To give rental listings wide exposure, landlords or owners sometimes choose to engage with agents and brokers in what is called an “open listing” arrangement. An open listing means several agents can have an agreement with the landlord or owner to represent the property whereas in an exclusive listing agreement, just one agent lists the property. That’s why if you view an open listing you could see multiple agents advertising on the listing in an effort to find a tenant for the property. The first agent to do so will get the commission.

Are Open Listings in Rentals and Sales?

Open listings are mostly in the NYC rental market and can happen in sales, but are extremely rare. The only time an open listing might exist in sales is if an apartment doesn’t sell during a six-month exclusive listing agreement and the agent continues to list the apartment without a contract in hopes of getting the commission. Zillow Group, StreetEasy and the Real Estate Board of NY (REBNY) do not allow open listings.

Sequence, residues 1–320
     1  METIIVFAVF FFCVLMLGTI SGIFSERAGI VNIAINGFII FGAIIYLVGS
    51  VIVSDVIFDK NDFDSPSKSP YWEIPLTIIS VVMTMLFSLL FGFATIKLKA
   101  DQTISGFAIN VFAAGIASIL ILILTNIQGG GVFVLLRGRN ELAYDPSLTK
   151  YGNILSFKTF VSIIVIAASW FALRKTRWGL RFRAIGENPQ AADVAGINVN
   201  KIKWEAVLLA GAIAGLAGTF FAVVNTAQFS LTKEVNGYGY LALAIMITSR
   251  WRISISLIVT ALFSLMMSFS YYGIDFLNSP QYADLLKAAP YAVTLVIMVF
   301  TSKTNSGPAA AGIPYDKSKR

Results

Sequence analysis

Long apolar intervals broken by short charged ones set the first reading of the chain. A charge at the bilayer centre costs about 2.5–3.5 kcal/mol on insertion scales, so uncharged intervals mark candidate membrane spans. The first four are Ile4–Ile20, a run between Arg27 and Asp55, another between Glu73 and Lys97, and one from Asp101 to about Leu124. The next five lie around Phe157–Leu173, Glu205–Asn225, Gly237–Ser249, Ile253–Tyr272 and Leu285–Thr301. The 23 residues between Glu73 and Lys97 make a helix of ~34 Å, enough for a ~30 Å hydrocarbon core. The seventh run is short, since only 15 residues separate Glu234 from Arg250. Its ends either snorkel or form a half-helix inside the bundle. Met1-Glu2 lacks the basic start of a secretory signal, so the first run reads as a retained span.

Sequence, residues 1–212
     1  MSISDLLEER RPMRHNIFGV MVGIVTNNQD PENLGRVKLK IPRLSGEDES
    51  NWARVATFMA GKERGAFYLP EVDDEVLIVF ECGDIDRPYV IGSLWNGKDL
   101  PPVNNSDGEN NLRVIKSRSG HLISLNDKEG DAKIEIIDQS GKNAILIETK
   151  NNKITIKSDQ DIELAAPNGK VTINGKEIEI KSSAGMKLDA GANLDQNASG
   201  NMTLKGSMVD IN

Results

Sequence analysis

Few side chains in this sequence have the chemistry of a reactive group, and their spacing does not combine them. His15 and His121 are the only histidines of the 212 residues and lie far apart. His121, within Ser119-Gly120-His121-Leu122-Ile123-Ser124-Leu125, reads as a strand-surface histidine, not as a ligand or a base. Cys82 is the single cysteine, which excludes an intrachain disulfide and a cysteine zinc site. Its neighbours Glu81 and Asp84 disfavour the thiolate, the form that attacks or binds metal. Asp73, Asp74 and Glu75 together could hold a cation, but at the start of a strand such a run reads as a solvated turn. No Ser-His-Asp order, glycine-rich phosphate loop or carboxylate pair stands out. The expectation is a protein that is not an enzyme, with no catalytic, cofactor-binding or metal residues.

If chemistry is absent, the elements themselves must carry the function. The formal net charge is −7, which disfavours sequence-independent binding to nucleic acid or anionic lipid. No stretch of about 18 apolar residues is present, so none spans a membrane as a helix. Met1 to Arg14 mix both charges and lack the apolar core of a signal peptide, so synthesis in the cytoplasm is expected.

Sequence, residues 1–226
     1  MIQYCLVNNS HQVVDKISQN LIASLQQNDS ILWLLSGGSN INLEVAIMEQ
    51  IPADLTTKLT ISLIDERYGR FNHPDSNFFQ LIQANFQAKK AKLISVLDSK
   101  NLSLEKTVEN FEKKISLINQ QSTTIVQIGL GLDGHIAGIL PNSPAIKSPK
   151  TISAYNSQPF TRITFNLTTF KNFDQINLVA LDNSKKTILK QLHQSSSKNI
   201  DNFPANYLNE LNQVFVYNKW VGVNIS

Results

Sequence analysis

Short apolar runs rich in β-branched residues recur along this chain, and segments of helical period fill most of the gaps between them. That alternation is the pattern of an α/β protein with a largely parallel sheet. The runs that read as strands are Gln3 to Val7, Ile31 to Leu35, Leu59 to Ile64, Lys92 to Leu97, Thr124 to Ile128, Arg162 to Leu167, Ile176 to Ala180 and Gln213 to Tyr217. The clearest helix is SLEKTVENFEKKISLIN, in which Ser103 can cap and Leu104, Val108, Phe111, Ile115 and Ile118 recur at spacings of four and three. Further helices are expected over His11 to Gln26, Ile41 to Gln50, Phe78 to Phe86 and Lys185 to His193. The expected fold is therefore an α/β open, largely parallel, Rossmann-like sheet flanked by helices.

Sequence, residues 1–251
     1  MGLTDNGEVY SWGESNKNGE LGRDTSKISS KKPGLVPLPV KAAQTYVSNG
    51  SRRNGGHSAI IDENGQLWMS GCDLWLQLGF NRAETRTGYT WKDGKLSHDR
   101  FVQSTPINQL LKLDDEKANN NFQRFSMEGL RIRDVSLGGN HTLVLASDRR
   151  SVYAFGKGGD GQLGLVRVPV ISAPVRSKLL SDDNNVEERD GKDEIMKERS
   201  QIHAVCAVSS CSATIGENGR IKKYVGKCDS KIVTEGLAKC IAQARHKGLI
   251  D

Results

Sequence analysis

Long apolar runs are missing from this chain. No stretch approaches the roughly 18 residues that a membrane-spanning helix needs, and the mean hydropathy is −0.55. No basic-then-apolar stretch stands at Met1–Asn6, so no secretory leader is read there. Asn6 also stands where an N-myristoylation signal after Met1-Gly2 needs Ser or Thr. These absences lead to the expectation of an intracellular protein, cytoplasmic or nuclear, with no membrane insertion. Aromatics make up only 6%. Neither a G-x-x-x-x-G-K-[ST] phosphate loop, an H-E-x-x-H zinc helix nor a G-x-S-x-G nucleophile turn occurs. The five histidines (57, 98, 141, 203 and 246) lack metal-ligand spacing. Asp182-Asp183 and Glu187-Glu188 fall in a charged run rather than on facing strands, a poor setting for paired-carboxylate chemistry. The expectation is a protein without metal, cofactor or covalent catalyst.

Which Type of Listing Should You Be Searching?

In a market as cutthroat as New York’s, it’s good to explore both open and exclusive listings. However, you should always be wary of bait-and-switches when sifting through open listings. When searching for an apartment in NYC, follow the same rule of thumb you would if you saw an empty subway car: If it looks too good to be true, it probably is. If a $1,600/month two-bedroom on the Upper East Side has been on the market for 65 days, that’s a red flag.

In addition to bait and switches, renters should also be aware of agents taking them to see apartments with leasing offices. If you do decide to work with a rental broker to find an apartment, have a candid conversation with them in which you outline your expectations. It’s fair to say, “I’m excited to work with you, but please don’t take me to any buildings run by rental management companies.” This will prevent you from unwittingly having to pay a broker fee for a no-fee listing.